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I want to use awk in my bashscript, and this line clearly doesn't work:

line="foo bar"
echo $line | awk '{print $1}'

How do I escape $1, so it doesn't get replaced with the first argument of the script?

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8  
It won't be replaced. It will be the first word in "$line" –  user000001 Aug 20 '13 at 20:35
1  
The very purpose of those single quotes around the awk "program" is to make sure that bash will not attempt to perform any parameter expantion, so your script will work as expected. –  Costi Ciudatu Aug 20 '13 at 21:13
1  
@CostiCiudatu the word is expansion –  Nirk Aug 20 '13 at 21:19
    
@Nirk: You're right ! And I'm embarrassed (I hope I spelled that right) :) –  Costi Ciudatu Aug 20 '13 at 21:22

2 Answers 2

up vote 5 down vote accepted

Your script (with single quotes around the awk script) will work as expected:

$ cat script-single
#!/bin/bash
line="foo bar"
echo $line | awk '{print $1}'

$ ./script-single test
foo

The following, however, will break (the script will output an empty line):

$ cat script-double
#!/bin/bash
line="foo bar"
echo $line | awk "{print $1}"

$ ./script-double test
​

Because the double quotes expand the $1 variable, the awk command will get the script {print test}, which prints the contents of the awk variable test (which is empty). Here's a script that shows that:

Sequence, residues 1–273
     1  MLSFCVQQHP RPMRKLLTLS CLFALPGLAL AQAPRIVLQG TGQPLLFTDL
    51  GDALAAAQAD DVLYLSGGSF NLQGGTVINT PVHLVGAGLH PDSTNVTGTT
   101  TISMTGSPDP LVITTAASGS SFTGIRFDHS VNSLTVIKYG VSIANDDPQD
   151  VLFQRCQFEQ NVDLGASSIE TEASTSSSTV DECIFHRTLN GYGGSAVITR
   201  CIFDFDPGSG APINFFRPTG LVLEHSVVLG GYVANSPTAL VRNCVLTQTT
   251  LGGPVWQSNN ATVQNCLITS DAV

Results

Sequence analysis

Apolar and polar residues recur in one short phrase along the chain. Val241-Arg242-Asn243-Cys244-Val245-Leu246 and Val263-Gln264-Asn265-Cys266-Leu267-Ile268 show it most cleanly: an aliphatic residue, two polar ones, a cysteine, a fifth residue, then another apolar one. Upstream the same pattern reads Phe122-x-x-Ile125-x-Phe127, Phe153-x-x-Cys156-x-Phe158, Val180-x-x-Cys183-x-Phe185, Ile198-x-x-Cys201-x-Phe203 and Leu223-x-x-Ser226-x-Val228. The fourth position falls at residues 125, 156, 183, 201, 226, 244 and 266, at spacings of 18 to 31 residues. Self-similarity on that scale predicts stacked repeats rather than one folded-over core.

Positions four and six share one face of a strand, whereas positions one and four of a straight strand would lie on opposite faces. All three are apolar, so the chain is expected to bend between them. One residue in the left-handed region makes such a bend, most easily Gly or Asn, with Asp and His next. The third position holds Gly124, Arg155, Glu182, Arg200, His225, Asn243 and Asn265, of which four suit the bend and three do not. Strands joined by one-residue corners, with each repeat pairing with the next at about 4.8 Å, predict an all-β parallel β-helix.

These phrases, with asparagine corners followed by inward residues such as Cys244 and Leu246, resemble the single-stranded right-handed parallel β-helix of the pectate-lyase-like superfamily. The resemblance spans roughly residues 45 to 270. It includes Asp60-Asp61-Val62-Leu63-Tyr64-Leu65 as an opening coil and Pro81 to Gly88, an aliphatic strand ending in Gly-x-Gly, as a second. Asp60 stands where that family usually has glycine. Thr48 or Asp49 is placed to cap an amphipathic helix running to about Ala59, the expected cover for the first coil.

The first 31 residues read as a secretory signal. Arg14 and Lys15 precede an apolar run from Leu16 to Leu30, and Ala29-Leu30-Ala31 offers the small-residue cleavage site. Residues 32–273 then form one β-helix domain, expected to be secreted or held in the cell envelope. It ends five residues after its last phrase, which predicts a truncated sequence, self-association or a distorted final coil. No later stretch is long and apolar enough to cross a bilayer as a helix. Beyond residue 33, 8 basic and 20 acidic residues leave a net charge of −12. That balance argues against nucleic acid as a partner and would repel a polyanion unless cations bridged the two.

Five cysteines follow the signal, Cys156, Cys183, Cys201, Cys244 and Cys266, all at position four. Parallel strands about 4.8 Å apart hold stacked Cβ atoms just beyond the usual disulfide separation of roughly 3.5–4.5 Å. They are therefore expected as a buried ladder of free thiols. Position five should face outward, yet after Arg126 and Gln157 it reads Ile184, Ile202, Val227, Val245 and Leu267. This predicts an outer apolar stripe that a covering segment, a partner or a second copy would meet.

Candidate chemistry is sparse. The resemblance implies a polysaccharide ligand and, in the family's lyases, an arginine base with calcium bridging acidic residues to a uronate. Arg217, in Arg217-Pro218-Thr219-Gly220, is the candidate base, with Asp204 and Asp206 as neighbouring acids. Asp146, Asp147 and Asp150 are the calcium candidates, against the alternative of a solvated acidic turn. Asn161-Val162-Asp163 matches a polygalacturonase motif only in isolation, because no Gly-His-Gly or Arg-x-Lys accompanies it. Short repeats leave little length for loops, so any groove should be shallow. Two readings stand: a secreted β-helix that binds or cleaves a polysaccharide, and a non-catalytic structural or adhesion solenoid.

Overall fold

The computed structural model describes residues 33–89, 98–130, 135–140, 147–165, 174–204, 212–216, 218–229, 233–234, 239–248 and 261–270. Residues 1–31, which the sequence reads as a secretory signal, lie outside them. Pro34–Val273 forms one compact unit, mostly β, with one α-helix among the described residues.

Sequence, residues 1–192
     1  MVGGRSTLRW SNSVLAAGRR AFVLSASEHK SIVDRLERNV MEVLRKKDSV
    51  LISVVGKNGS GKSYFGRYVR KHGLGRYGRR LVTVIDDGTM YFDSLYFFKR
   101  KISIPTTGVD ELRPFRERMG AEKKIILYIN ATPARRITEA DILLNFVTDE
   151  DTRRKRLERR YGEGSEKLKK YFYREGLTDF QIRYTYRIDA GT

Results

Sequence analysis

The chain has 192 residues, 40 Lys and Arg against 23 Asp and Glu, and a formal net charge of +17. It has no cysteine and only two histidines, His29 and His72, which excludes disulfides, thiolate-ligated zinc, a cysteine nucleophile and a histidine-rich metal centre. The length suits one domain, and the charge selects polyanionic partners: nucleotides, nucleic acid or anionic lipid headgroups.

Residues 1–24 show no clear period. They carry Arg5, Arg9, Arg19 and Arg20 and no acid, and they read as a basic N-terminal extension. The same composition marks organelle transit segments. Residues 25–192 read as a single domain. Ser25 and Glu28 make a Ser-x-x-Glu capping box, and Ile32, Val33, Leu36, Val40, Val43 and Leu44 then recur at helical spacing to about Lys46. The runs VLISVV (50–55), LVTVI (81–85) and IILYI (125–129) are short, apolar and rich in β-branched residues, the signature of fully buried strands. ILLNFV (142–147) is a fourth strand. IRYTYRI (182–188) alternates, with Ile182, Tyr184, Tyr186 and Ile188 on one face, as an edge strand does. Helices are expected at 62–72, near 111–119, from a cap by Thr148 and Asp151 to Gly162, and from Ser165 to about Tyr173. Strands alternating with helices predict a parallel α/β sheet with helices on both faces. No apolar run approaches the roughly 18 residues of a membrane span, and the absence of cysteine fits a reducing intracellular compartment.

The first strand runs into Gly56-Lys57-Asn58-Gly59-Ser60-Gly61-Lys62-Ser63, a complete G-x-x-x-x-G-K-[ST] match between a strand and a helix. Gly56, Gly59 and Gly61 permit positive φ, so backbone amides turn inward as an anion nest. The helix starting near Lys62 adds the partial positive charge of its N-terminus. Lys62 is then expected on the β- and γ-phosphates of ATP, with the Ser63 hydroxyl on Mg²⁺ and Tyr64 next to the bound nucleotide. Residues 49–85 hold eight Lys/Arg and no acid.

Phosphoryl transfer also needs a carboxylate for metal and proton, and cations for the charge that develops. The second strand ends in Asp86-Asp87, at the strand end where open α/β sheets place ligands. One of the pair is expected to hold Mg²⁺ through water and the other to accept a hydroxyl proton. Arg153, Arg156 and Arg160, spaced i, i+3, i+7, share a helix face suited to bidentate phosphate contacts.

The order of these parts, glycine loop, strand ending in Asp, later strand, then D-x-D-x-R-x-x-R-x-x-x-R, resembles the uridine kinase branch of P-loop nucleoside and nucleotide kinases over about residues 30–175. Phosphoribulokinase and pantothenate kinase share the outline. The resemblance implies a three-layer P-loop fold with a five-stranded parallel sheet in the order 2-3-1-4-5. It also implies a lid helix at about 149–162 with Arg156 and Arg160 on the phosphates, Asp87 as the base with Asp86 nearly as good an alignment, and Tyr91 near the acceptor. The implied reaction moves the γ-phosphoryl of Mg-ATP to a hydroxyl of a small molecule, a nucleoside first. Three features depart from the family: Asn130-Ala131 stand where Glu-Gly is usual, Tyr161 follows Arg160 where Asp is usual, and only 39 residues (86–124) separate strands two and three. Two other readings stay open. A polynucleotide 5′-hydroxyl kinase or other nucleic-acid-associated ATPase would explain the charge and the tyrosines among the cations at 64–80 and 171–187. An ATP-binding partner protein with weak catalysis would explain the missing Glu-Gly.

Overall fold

$ cat script-var
#!/bin/bash
line="foo bar"
echo $line | awk -v test=baz "{print $1}"

$ ./script-var test
baz

Related reading: Bash Reference Manual - Quoting and Shell Expansions

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1  
+1 for figuring the apprehension in the question. –  devnull Aug 20 '13 at 21:12

As currently written, the $1 will not be replaced (since it's within single-quoted string, bash will not parse it)

If you write awk "{print $1}", bash will expand the $1 within the double-quoted string

Note that the variable expansion rules depend on the outermost level of quoting, so the $1 in "awk '{print $1}'" will be expanded

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